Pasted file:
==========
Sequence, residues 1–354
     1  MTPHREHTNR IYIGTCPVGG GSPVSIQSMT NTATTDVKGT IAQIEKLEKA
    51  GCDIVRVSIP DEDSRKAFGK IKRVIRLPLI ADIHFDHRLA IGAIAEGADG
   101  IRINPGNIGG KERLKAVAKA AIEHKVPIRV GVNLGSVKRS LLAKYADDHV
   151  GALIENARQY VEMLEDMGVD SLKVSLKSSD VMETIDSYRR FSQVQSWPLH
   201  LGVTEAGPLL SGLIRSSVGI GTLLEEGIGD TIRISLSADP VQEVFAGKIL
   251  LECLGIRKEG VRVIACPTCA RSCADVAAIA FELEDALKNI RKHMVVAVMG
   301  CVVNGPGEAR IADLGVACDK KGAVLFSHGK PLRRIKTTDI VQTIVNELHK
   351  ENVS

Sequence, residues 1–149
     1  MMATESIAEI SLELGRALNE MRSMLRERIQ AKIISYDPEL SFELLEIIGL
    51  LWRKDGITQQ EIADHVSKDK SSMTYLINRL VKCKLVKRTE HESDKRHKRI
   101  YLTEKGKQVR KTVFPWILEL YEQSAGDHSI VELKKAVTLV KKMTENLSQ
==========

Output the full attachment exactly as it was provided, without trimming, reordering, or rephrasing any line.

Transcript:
Sequence, residues 1–354
     1  MTPHREHTNR IYIGTCPVGG GSPVSIQSMT NTATTDVKGT IAQIEKLEKA
    51  GCDIVRVSIP DEDSRKAFGK IKRVIRLPLI ADIHFDHRLA IGAIAEGADG
   101  IRINPGNIGG KERLKAVAKA AIEHKVPIRV GVNLGSVKRS LLAKYADDHV
   151  GALIENARQY VEMLEDMGVD SLKVSLKSSD VMETIDSYRR FSQVQSWPLH
   201  LGVTEAGPLL SGLIRSSVGI GTLLEEGIGD TIRISLSADP VQEVFAGKIL
   251  LECLGIRKEG VRVIACPTCA RSCADVAAIA FELEDALKNI RKHMVVAVMG
   301  CVVNGPGEAR IADLGVACDK KGAVLFSHGK PLRRIKTTDI VQTIVNELHK
   351  ENVS

Sequence, residues 1–149
     1  MMATESIAEI SLELGRALNE MRSMLRERIQ AKIISYDPEL SFELLEIIGL
    51  LWRKDGITQQ EIADHVSKDK SSMTYLINRL VKCKLVKRTE HESDKRHKRI
   101  YLTEKGKQVR KTVFPWILEL YEQSAGDHSI VELKKAVTLV KKMTENLSQ